From Good To...Let's Just Say Better


Transform your company in four simple steps


On the beach, on every plane and even on the subway, seems everyone is reading Jim Collins' Good to Great.

And why not? We are a nation of people who think tomorrow can be better. We are, after all, the land of Oprah and Home Depot.

Collins' book is a wonderful tome that helps business managers and executives identify the qualities, capabilities and characteristics of great companies. It preaches the virtues of constant refinement, detailed planning and exquisite execution. And it's not just highfalutin blather. Collins provides examples, insights and anecdotes. One of the characteristics of a great company, he says, is a powerful, capable leader. Someone like you? Maybe. (If you have a massive ego and operate like, say, former Chrysler CEO Lee Iacocca, be careful; you're no Abe Lincoln in Collins' eyes.)

Labor Day has come and gone. Summer is but a memory, and if you didn't find a hammock or Adirondack chair and read Collins--or any other must-read business author on your summer list--then ask yourself: What am I doing to improve my company? "No time," you say? Well, then, consider this condensed version of how to transform your company. It might not exactly get you to great, but surely can take you to better.

• Step One: Answer the phone. Loosely translated, that means be more responsive. Sure, it starts with answering the phone, but then goes beyond that. It means being able to respond to what customers, suppliers and partners want and need from you. Prosaic advice? Perhaps. But chances are you're not fully aware of how your company responds to various requests. Test yourself: Pick up the phone and dial your main number. Ask for tech support. Do you get a body? A redirect to the Web? If you were paying for you, would you be satisfied? Then try buying something from your company. That can be even worse. Companies spend so much money on new customer acquisitions, yet often waste it because they have no method for collecting business that falls into their laps.

One last tip on this topic: If you have a personal assistant taking fewer calls than your tech-support center, start making your own plane reservations and reading your own e-mail. Chances are your admin is needed elsewhere.

• Step Two: Liberate your staff from the tyranny of meetings. When you glance at your weekly calendar, you see, what, maybe a dozen meetings? Sales, marketing, finance, personnel, etc. They occur every week. And that's the problem: They occur every week. You make plans, set goals and, of course, schedule more meetings. Because the cycle is regular, no one feels compelled to make a decision; they can always defer to next week. Well, try this: Meet only when necessary and never for more than 30 minutes. No matter the agenda, number or diversity of constituents, it's 30 minutes or else. If additional time is required--think legal--then those with an interest in whatever is an outstanding issue can convene offline.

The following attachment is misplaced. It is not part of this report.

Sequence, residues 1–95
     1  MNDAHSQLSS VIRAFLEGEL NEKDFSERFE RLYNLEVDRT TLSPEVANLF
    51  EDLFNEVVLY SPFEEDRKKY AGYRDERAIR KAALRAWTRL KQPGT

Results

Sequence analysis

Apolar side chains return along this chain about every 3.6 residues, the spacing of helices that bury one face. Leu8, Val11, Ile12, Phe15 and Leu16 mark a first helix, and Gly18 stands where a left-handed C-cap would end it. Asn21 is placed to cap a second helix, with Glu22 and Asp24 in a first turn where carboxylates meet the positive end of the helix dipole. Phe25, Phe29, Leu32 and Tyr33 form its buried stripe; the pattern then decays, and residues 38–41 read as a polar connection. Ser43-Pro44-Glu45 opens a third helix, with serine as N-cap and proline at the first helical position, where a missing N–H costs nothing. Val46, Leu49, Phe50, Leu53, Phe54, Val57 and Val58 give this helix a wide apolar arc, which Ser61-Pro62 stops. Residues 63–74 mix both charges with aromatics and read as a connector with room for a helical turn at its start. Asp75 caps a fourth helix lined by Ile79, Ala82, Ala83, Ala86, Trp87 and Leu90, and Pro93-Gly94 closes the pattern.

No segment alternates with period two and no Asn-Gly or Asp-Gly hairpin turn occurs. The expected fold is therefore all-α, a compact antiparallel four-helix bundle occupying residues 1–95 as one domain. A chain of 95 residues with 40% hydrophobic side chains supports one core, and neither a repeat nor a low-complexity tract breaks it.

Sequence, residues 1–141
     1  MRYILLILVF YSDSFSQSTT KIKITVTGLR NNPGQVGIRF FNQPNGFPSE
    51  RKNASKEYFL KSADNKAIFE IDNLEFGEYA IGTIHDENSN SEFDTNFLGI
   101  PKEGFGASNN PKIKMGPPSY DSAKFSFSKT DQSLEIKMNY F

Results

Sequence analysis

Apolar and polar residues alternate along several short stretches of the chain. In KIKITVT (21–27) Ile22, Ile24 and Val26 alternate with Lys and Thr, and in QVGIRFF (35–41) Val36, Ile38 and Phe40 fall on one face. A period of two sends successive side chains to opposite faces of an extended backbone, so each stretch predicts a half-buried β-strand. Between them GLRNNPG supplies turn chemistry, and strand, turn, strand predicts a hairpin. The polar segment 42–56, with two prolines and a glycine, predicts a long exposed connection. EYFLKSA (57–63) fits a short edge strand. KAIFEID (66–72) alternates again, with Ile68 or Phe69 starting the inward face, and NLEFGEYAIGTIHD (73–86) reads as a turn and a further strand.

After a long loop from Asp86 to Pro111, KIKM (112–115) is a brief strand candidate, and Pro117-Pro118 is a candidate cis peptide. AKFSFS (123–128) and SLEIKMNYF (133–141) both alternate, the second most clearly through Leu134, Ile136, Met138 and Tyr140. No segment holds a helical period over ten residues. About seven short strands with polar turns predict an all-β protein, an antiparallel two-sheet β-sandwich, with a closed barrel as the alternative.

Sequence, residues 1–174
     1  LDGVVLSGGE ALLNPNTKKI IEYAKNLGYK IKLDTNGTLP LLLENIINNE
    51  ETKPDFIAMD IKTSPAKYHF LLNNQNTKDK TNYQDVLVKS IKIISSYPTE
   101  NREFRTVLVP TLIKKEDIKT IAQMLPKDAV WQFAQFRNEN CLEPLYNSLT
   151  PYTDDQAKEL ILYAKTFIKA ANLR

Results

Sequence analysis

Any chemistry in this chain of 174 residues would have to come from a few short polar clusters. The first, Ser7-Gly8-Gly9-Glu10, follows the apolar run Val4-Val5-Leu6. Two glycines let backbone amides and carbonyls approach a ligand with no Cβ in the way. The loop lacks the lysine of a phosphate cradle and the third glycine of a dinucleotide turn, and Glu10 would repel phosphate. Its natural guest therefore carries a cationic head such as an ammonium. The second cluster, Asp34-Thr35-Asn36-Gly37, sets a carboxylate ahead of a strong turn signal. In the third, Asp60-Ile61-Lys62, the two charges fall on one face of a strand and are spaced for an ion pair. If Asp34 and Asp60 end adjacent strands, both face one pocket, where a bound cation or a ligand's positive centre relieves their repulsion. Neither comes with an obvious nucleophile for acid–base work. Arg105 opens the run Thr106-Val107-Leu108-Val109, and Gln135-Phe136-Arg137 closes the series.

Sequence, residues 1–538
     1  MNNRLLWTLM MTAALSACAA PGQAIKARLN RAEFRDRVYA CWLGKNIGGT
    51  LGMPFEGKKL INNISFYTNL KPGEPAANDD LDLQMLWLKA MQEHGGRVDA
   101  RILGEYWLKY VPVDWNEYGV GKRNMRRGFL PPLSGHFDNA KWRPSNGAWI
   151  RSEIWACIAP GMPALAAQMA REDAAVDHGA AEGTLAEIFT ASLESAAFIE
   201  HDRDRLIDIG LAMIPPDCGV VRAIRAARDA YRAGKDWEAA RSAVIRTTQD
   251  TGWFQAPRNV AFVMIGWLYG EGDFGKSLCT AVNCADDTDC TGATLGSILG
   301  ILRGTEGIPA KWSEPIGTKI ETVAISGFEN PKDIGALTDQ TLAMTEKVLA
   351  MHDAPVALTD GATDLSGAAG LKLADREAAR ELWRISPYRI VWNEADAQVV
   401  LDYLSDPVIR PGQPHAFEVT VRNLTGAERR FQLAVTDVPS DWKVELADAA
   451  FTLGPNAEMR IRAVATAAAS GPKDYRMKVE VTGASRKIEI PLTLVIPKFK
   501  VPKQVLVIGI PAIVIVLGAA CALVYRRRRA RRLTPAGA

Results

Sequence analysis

Another meeting rule: Latecomers lose 1 percent of their budgets for every minute they are late. And they get no vote on any issue. Also, PowerPoints are a perfectly acceptable means of communication so long as they are limited to two slides each. That's it--two. Not five, 11 or 70, as some vendors have tried to foist upon me on occasion. Hollywood directors with A-list actors don't dare to be so indulgent, so why should one of your peers?

• Step Three: Get to know your employer. If you don't know the following about your company, even if you're the guy who signs the paychecks, you have no business representing it: When was your company founded? What was its first big hit? How many employees does your company have? What were last year's sales? What is your company's single biggest challenge? Who are your top competitors? What amazes me is the number of people in Corporate America who know more about navigating their way through medical-claims reimbursement forms than they do about their employer's top priorities. At some companies, management routinely quizzes workers about their company's inner workings.

• Step Four: Move on. That e-mail you've been saving since February 2004? Delete it. That scrap of paper with Connie from Toshiba scribbled on it without a date? Toss it. Wait...No, toss it. In fact, any action item you haven't attended to in two weeks has come and gone. Move on. The amount of pain--there will be some--that you endure after dropping something before its time will be more than offset by the joy of moving on with your career, steadfast and strong, with nothing holding you down. Better is better, and it can lead to great.